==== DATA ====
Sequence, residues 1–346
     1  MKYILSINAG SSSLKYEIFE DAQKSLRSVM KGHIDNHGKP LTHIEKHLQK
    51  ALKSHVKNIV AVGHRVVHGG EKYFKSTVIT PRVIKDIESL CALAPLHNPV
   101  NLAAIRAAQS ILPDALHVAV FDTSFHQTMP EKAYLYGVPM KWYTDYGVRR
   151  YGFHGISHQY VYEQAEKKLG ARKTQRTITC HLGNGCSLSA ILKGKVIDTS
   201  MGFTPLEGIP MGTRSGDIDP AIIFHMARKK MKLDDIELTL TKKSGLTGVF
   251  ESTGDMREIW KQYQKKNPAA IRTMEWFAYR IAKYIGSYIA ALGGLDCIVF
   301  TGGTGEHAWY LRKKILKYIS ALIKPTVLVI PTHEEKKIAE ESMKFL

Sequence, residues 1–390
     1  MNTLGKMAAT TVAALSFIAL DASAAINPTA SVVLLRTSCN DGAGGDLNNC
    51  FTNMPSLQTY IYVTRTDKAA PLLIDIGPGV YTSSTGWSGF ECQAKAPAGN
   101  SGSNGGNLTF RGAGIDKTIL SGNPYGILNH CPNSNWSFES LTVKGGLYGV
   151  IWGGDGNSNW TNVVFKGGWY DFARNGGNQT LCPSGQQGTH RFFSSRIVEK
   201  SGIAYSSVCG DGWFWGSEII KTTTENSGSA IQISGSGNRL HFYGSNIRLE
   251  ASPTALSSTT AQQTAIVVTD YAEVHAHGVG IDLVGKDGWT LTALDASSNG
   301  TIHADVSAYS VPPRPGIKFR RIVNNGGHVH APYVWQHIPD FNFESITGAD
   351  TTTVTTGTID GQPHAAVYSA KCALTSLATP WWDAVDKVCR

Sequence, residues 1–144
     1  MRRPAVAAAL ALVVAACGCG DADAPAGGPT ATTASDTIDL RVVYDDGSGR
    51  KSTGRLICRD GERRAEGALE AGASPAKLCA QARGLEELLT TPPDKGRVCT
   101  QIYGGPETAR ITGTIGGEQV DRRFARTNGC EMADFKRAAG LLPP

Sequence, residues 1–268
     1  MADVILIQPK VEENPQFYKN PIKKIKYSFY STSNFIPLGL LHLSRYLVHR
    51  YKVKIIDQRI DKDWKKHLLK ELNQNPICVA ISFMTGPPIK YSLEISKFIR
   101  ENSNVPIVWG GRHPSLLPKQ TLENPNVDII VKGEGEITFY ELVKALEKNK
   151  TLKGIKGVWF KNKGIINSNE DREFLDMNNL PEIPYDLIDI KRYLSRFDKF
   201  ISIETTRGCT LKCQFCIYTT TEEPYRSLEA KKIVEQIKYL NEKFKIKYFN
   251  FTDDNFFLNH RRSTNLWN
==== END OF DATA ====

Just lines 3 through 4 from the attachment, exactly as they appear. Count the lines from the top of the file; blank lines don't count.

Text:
    51  ALKSHVKNIV AVGHRVVHGG EKYFKSTVIT PRVIKDIESL CALAPLHNPV
   101  NLAAIRAAQS ILPDALHVAV FDTSFHQTMP EKAYLYGVPM KWYTDYGVRR